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  • About
  • The Global ETD Search service is a free service for researchers to find electronic theses and dissertations. This service is provided by the Networked Digital Library of Theses and Dissertations.
    Our metadata is collected from universities around the world. If you manage a university/consortium/country archive and want to be added, details can be found on the NDLTD website.
1

Cancer staging for differentiated thyroid carcinoma

Lang, Brian. January 2006 (has links)
Thesis (M. S.)--University of Hong Kong, 2006. / Title proper from title frame. Also available in printed format.
2

Clinicopathological roles of transforming growth factor alpha (TGF[alpha]) in papillary thyroid carcinoma /

Lau, Kwok-pui. January 2007 (has links)
Thesis (M. Phil.)--University of Hong Kong, 2008. / Also available in print.
3

The radiation response of the rat thyroid gland transplantation, cell survival and neoplastic development in grafts of monodispersed cells /

De Mott, Robert Knox. January 1978 (has links)
Thesis (M.S.)--Wisconsin. / Includes bibliographical references.
4

A study of BRAF and RAS genes in papillary thyroid carcinoma

Lo, Chi-chuen, Evans. January 2004 (has links)
Thesis (M. Med. Sc.)--University of Hong Kong, 2004. / Also available in print.
5

Ancillary methods to improve diagnostic accuracy of thyroid nodules on fine-needle aspiration cytology smears /

Van Wyk, Christine. January 2007 (has links)
Thesis (MScMed)--University of Stellenbosch, 2007. / Bibliography. Also available via the Internet.
6

REGULATION OF RAT MYOSIN HEAVY CHAIN GENE EXPRESSION BY THYROID HORMONE.

GUSTAFSON, THOMAS A. January 1987 (has links)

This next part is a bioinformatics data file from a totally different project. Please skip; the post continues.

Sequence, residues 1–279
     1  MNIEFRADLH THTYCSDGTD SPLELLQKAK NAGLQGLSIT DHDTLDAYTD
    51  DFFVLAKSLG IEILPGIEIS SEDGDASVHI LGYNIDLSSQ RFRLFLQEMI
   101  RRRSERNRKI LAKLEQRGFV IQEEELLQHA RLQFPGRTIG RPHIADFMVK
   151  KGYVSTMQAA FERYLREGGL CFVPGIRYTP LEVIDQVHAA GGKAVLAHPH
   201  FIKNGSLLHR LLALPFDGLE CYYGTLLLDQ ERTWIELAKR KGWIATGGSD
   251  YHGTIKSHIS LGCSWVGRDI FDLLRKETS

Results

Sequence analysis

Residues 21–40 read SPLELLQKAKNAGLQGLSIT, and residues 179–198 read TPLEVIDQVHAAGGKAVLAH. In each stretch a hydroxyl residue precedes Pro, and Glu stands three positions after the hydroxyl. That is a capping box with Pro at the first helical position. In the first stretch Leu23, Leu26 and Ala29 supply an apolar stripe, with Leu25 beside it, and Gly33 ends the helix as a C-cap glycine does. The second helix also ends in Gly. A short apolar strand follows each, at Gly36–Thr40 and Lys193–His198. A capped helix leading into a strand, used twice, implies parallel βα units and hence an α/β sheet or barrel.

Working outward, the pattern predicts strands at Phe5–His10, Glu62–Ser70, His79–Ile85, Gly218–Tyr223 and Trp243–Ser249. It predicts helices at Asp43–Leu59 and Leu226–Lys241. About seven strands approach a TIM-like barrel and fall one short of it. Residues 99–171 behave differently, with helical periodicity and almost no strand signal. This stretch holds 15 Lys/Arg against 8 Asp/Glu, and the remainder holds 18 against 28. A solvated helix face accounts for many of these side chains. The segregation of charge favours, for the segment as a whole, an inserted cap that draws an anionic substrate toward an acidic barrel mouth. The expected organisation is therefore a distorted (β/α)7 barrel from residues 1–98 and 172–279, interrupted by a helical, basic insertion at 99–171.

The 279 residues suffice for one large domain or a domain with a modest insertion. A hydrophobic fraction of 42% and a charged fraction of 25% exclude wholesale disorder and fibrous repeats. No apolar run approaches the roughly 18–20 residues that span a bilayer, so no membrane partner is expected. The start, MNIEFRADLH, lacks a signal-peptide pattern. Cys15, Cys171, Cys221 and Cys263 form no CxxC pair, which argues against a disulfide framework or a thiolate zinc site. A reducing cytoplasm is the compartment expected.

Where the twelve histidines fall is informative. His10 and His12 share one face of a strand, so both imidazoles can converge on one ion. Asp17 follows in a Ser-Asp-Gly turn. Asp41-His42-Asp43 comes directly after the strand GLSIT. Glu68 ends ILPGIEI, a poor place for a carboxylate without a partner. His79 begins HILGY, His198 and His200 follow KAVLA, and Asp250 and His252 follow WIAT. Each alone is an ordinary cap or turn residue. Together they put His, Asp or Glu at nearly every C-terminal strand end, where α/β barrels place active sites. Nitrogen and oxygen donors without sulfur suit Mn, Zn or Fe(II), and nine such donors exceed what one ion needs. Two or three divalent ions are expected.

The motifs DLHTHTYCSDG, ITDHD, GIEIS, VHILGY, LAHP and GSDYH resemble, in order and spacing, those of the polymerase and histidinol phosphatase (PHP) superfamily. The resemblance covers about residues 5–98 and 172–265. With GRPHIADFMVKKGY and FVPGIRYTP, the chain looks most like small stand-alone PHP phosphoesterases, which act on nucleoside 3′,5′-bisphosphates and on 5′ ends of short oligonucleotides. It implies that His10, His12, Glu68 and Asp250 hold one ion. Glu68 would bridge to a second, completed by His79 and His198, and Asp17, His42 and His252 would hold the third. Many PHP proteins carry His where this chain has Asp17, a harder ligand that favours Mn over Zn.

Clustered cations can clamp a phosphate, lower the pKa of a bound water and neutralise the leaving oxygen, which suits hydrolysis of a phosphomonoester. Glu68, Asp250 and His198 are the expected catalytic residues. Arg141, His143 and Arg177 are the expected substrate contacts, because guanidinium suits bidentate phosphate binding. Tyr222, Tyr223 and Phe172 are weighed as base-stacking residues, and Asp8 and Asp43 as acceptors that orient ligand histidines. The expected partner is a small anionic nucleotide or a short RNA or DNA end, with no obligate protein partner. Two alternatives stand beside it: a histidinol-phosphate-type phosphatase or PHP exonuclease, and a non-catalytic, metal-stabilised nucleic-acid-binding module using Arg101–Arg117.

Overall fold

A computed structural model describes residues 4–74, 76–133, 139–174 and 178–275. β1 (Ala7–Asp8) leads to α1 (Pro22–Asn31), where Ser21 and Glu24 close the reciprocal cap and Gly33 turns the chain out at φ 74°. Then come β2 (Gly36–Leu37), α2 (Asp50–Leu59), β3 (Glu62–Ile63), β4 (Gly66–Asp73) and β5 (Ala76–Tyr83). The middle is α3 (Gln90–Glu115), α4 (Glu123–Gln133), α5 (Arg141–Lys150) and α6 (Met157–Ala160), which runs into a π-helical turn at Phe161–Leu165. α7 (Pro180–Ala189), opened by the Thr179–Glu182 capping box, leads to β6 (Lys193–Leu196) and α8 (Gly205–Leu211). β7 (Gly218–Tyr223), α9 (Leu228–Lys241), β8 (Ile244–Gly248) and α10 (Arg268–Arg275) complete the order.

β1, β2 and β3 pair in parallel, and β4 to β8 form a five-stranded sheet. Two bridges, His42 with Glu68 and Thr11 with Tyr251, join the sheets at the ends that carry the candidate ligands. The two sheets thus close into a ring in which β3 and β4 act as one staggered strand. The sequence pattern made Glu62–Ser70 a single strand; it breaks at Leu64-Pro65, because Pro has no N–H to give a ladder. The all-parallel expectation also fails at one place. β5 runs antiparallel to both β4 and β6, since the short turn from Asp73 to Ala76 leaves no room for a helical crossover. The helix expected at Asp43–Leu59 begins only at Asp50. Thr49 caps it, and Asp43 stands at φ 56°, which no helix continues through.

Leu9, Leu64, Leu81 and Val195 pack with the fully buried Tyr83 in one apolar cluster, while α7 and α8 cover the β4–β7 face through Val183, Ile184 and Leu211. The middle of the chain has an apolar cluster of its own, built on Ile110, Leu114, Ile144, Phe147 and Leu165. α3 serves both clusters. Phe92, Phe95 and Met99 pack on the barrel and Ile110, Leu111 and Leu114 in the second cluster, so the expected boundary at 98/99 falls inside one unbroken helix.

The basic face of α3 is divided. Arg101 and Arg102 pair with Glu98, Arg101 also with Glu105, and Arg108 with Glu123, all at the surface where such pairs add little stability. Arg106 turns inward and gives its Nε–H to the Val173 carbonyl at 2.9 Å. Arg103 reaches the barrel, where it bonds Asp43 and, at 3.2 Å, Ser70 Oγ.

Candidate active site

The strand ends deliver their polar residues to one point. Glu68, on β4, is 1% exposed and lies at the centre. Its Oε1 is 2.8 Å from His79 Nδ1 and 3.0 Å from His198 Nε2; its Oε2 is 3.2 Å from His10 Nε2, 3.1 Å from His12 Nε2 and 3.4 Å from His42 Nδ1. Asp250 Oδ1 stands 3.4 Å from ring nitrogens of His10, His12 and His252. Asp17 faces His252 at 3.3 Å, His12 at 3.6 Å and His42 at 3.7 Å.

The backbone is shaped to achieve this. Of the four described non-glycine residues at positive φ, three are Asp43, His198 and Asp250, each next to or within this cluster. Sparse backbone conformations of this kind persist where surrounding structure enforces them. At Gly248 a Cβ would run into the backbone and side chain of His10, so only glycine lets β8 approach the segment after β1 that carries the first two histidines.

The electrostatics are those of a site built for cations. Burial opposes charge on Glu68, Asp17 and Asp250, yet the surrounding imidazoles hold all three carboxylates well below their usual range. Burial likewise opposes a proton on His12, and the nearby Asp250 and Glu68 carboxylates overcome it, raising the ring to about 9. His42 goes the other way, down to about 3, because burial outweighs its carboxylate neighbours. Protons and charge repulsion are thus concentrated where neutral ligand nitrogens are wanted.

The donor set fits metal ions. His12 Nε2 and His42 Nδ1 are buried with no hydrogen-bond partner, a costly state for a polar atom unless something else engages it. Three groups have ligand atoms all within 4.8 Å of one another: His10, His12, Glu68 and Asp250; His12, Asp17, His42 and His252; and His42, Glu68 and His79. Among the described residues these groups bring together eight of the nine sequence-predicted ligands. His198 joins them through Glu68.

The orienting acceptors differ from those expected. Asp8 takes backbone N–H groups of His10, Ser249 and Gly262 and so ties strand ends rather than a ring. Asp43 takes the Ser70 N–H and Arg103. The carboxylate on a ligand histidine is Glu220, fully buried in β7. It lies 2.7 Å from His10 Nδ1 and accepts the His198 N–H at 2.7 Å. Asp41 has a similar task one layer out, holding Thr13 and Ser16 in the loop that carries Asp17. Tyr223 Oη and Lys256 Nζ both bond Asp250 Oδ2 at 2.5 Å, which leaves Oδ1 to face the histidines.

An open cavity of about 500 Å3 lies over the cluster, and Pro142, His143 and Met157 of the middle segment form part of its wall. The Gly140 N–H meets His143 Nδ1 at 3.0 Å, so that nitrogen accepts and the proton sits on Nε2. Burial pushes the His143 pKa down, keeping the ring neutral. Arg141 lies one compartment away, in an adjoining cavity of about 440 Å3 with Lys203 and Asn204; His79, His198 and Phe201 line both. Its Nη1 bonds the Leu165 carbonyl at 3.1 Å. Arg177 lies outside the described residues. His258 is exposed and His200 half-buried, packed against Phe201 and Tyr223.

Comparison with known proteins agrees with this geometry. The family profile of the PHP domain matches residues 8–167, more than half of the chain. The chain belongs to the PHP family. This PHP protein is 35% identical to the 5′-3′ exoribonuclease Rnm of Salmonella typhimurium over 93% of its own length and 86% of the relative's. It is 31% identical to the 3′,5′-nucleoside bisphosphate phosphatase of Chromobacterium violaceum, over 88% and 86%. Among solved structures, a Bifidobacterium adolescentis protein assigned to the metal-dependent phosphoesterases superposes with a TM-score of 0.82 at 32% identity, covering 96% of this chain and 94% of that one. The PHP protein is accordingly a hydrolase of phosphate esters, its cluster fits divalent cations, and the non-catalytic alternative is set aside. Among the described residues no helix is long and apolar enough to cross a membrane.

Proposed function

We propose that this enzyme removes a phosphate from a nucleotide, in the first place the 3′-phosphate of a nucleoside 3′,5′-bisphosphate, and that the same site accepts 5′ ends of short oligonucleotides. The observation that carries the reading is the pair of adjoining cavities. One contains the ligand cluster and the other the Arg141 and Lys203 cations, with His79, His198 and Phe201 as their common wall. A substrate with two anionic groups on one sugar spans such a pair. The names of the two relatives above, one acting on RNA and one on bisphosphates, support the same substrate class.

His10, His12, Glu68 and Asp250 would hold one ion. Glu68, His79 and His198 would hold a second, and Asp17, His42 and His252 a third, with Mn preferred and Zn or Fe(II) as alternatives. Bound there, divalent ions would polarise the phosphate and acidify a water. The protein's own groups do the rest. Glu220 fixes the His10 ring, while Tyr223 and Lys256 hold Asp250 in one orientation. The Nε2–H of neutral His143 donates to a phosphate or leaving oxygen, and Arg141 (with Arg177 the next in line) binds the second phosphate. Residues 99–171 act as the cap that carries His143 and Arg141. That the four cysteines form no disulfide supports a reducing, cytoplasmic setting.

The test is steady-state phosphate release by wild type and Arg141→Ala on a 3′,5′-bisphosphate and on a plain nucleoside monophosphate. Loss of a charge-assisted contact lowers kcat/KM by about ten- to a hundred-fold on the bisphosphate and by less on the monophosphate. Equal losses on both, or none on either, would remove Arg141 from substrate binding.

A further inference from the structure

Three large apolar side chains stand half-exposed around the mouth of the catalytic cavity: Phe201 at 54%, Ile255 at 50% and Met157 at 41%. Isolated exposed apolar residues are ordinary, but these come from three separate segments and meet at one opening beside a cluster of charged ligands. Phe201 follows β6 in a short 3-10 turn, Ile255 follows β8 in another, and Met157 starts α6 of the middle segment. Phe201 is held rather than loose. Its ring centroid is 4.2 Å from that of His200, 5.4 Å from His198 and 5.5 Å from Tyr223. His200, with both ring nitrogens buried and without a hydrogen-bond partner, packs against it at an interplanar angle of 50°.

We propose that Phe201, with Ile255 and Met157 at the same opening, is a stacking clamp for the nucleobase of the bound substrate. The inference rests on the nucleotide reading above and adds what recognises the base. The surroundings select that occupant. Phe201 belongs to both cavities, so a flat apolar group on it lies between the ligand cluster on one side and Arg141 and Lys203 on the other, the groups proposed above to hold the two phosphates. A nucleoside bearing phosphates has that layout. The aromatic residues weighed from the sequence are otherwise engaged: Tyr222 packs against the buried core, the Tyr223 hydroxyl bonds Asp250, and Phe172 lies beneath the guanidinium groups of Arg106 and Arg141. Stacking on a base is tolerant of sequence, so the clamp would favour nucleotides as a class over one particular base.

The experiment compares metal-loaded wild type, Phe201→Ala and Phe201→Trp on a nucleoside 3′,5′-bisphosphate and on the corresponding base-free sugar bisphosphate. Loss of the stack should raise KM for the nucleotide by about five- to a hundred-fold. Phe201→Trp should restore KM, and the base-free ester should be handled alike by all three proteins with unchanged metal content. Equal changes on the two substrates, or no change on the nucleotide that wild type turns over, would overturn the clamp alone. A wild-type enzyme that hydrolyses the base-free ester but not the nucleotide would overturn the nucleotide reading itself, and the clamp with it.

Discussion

Myosin heavy chain (MHC) isoforms in vertebrate striated muscles are encoded by a highly conserved multigene family. Seven sarcomeric MHCs are known to be expressed in cardiac and skeletal muscles of the rat. These isoforms show distinct patterns of tissue-specific expression which are hormonally and developmentally regulated. Thyroid hormone has been shown to regulate the expression of the ventricular isoforms by causing an accumulation of alpha-MHC and a repression of beta-MHC. Alterations in thyroid status have also been reported to affect MHC isoforms in skeletal muscles. The first part of this study describes the development of a dot-blot assay with which to measure the levels of the sarcomeric MHC mRNAs. This assay was utilized in part two of this dissertation to analyze the effects of thyroid hormone administration on the expression of MHC and actin mRNAs in ventricular muscle, as well as in representative fast and slow skeletal muscles of the hypothyroid rat. The results indicate that expression of all of the MHC genes is regulated by thyroid hormone in a highly complex, tissue specific manner. Also, thyroid hormone caused transient increases in the expression of cardiac actin mRNA in the ventricle, but no actin isoform transitions were observed in any muscle type. The third portion of this dissertation describes the development of a cultured cell system that has been used to analyze changes in MHC and alpha-actin gene expression in response to thyroid hormone in vitro. Cultured primary fetal cardiomyocytes were found to express only the cardiac MHC and actin isoforms. In addition, the alpha- and beta-MHC isoforms were found to be regulated by thyroid hormone in a similar manner to that observed in the intact rat ventricle. In the final portion of this study, the promoter region of the thyroid hormone inducible gene, alpha-MHC, was isolated and ligated to the bacterial chloramphenicol acetyltransferase gene. Chimeric genes were utilized in transfection studies and found to be thyroid hormone inducible. The results suggest that DNA sequences in the 5' flanking region of the alpha-MHC gene are sufficient to mediate hormone induction of the gene.